live above the



Above the Influence [ATI]-Kent County™ celebrates the choices Kent County youth make daily to live above the negative influences around them. Through the advancement of Above the Influence-Kent County™, the Kent County Prevention Coalition [KCPC] creates spaces for even the most vulnerable to use their voice to make a difference.   ATI- Kent County™ is designed to equip teens to think critically about personal choices and future ambitions related to underage substance use and misuse, and the power community teens have individually and collectively to impact peers, family and community norms and the world by making a personal commitment to live Above the Influence.

ATI-Kent County informs and inspires teens to reject illicit drugs via TV, print, Internet, and local radio advertising.  Most importantly, in partnership with schools, community organizations, and faith communities. Above the influence is about:

  • Peer to Peer learning and empowerment
  • Positive lifestyle choices
  • Creating healthy youth decision-making tools
  • Community mobilization via youth

Above the Influence-Kent County Youth Coalition

Each fall the enrollment opens for student involvement with the Above the Influence-Kent County Youth Coalition.

The ATI-Kent County Youth Coalition grooms 6-12th graders for GREATNESS by educating, equipping and empowering them to be become the face of substance use prevention efforts here in Kent County.  By working as a team to plan the annual ATI-Kent County Youth Summit by learning from various community stakeholders on matters of prevention and through participation in various community activities, members of the Youth Coalition will learn to flex their individual leadership muscles!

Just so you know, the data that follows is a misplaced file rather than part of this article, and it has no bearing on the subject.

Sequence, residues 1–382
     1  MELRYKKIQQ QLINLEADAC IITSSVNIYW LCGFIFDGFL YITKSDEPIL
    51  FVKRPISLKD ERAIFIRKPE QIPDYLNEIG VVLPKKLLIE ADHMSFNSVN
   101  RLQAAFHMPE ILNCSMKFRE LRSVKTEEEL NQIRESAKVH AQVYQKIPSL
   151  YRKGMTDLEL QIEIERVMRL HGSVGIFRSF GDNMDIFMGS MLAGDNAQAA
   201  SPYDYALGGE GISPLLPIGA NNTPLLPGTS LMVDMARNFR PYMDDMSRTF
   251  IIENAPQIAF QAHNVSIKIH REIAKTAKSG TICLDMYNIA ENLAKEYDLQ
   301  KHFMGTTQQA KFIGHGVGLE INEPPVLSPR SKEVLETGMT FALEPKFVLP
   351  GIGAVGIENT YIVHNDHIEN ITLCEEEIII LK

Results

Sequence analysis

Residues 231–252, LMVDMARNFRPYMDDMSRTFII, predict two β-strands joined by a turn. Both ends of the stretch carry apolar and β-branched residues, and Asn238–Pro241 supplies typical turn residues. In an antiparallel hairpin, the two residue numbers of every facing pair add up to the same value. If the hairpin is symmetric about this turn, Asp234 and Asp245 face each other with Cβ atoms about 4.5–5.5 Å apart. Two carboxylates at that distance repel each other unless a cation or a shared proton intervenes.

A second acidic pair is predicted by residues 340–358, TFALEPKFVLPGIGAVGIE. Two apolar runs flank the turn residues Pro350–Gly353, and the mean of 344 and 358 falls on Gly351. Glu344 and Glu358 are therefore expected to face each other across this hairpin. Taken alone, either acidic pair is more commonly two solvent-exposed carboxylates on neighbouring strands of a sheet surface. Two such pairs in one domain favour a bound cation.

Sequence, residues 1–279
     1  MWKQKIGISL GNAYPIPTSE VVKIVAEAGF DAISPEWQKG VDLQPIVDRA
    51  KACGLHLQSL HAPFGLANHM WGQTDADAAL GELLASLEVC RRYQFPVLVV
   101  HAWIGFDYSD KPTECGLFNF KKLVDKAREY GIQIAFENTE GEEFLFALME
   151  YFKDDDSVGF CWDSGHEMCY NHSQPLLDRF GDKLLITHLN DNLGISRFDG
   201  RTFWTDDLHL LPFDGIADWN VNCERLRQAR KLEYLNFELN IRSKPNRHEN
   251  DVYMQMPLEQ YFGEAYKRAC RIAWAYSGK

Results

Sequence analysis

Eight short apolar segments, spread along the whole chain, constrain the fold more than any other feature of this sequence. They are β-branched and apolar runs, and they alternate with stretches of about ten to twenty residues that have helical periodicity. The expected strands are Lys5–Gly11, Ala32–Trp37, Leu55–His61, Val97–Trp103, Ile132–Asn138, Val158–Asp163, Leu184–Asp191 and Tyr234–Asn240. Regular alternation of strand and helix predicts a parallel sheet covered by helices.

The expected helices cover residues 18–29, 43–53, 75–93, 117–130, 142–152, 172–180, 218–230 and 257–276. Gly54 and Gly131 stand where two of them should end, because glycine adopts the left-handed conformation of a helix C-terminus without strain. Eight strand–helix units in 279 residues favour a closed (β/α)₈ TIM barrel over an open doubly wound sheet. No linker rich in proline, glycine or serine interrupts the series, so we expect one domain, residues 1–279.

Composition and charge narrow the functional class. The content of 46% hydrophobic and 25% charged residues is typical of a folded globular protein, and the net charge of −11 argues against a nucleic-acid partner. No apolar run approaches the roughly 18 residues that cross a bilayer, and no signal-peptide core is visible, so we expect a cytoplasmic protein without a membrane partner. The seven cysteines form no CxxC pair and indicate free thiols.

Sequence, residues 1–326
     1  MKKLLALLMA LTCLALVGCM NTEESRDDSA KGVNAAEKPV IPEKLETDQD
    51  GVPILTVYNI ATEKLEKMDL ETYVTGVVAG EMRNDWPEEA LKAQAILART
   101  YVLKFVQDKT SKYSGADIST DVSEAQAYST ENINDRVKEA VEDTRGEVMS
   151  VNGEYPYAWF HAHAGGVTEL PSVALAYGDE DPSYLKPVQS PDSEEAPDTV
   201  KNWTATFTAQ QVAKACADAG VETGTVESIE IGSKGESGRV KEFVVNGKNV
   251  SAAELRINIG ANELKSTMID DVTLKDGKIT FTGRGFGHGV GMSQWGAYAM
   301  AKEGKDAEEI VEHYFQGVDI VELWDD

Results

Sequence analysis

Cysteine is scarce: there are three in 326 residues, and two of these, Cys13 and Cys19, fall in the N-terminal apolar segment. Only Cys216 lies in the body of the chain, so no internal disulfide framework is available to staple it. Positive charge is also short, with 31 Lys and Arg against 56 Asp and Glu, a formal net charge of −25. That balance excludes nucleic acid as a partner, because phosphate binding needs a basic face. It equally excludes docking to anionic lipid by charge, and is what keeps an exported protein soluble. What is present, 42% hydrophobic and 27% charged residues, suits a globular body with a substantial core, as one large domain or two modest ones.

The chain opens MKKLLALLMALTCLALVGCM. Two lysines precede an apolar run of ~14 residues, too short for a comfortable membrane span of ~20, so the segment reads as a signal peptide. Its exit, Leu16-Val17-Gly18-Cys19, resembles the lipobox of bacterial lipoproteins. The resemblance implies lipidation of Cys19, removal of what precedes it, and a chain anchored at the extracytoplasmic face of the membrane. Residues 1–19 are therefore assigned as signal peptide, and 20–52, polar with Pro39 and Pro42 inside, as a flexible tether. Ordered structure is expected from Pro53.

You can spot members of our Youth Coalition at Youth Summit!


With so many influences out there, it’s important to GET THE FACTS.

FACT IS: while you’re a teen (and even into your early 20’s!), you’re still growing and developing, and drug abuse during these years in particular can have a lasting impact. ANOTHER FACT to consider: the brain is much more vulnerable to addiction during these years. 90% of Americans with a substance abuse problem started smoking, drinking or using other drugs before age 18.

When it comes to drug use, individual reactions and experiences vary, so it’s important to understand the usual risks and effects, both short- and long-term. Knowledge can be the key to making your own best decisions.

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ALCOHOL is a depressant derived from the fermentation of natural sugars in fruits, vegetables and grains. These are brewed and distilled into a wide range of beverages with various alcohol contents.